Showing posts from November, 2019


There is so much sameness in life. One mall looks like another, suburbs sprout everywhere and are ditto to each other. People, though, remain unique, individual to the one, each carrying their own world within. One way to celebrate people is with a camera in hand. Not any camera, but one with a QUIET SHUTTER , giving you that extra fraction of a second to capture people as they are before they notice you. The tapestry of life unfolds in front of you, giving art to the everyday of life. Over time, the challenges of photographing people have increased. Privacy, personal space and even fear of others have contributed to this. If you approach people carefully you can get marvelous poised shots of them, some dramatic. Often though, catching them going about their normal lives reveals more. Great cameras with quiet shutters include the Ricoh GR or Fuji Film X100T series. Both small in size and easy to get great shots with. So too is your smart phone if you set the mode silent.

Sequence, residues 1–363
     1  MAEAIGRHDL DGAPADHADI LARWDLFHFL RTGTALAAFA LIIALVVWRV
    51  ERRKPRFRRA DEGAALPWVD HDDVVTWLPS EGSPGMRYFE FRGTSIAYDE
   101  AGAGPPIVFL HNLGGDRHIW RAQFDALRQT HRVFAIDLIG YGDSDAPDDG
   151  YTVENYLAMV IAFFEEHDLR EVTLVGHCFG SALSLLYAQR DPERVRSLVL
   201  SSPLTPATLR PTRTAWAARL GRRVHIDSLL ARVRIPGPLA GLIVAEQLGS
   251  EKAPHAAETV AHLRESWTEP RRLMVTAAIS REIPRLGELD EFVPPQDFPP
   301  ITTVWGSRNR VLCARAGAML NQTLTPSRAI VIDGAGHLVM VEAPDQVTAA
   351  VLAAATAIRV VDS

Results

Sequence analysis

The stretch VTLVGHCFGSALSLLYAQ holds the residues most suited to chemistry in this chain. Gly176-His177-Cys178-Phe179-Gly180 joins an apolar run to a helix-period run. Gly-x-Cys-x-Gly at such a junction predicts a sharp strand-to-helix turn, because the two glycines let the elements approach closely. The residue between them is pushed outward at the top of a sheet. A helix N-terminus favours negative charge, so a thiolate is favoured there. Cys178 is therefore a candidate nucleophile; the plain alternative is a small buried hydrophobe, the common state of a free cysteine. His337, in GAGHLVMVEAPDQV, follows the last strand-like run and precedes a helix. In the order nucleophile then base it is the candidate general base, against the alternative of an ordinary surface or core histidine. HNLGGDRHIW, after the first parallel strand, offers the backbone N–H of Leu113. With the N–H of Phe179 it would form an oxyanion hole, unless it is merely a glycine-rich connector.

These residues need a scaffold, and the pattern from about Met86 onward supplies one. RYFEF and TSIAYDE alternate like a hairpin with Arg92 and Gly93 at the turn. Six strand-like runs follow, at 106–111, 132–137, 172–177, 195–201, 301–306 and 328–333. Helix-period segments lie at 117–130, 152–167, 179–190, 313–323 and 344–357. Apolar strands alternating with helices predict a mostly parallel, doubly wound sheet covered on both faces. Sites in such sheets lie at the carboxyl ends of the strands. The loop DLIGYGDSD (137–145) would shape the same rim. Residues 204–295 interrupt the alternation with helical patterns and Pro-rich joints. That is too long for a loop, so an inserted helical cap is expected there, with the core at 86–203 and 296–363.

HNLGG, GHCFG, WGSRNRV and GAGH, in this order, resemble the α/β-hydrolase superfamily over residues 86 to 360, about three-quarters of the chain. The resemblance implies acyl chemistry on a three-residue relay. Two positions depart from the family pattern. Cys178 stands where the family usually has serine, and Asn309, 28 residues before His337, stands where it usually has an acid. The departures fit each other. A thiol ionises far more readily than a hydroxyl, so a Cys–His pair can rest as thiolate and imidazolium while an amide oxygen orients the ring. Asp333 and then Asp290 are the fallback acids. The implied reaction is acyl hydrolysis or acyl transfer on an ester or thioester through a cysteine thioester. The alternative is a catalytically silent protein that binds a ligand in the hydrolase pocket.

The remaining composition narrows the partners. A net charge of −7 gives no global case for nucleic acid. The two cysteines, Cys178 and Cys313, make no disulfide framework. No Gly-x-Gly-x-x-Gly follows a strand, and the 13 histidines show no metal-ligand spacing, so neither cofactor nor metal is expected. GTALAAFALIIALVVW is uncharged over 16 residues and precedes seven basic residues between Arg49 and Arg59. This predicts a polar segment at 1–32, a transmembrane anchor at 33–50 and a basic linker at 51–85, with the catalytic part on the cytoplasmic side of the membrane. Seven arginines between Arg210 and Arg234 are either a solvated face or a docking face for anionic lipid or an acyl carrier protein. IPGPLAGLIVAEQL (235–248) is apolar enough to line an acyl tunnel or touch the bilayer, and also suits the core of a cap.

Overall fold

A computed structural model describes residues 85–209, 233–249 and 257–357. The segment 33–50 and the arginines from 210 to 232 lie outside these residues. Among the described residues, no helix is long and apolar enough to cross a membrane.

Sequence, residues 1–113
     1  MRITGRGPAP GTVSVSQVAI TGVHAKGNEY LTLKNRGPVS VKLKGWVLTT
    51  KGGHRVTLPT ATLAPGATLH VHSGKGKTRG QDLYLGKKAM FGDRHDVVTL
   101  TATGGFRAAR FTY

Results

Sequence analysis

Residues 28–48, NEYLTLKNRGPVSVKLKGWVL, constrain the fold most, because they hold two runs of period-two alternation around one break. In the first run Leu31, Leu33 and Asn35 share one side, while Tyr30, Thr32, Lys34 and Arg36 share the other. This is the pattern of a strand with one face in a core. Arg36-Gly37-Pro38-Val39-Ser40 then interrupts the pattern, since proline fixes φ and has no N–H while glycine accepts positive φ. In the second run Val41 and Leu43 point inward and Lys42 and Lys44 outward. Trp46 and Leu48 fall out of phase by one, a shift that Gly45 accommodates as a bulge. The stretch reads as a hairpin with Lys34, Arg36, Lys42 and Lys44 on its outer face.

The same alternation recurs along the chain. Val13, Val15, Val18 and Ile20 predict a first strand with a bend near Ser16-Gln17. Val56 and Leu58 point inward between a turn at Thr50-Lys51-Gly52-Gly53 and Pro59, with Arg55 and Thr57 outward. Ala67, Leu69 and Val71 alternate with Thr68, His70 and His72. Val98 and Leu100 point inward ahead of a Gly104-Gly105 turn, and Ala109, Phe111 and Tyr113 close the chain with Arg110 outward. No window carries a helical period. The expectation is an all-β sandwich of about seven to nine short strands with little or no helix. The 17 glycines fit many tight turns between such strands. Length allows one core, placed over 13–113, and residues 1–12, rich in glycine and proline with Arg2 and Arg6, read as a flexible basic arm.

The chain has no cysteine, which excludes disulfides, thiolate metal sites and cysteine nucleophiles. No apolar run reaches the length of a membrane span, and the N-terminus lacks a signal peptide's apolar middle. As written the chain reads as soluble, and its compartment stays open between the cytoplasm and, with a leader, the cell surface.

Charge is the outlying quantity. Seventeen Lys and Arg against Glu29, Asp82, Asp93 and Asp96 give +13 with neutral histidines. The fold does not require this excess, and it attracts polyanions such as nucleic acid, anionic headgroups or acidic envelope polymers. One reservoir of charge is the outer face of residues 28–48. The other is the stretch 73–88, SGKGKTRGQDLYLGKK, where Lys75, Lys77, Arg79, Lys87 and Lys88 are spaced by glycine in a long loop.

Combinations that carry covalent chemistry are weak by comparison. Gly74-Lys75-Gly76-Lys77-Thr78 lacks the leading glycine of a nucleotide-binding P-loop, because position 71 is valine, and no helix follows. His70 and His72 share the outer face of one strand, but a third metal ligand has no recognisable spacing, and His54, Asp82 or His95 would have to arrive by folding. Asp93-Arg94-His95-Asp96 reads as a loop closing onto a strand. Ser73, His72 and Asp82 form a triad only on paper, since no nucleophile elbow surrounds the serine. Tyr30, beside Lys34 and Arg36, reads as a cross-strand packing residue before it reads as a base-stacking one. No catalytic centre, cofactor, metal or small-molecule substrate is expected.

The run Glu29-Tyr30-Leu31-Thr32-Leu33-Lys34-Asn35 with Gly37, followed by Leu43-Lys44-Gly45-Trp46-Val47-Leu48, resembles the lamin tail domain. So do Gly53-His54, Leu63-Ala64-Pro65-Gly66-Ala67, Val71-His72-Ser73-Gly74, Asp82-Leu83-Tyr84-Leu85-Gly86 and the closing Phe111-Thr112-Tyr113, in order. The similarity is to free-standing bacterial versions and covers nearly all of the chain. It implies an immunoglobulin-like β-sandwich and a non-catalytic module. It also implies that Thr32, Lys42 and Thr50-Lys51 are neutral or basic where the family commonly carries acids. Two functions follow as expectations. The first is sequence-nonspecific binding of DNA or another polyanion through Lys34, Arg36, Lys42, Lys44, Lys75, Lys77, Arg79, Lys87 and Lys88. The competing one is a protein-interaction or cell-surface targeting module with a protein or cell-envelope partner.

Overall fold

Rain fell gently on the pavement as commuters sped sped by, not really noticing the faded buildings on this doorstep to the city. An old red clad five story bore the sign Royal Hotel, its windows small and uninviting, nothing more than a flop house. Just to the east the bright lights of china town and to the west the tall buildings of Vancouver’s profit. The blocks around the Royal, left as is, uncared for and unloved by anyone. Paul a wheel chair bound man managed the Royal. Rent was by the week or month. Most tenants were forgotten souls, minimum wage workers, disability pensioners, drinkers and newly landed immigrants. They immigrants would be quickly gone, the rest stayed. Paul kept a lid on everything, collected the rent and handled any trouble. He had a small room behind the front desk where he lived. The owner far away in Toronto.  Paul always dressed neatly, wearing a sweater or gray sports coat. He possessed a bearing, in part because of his large size,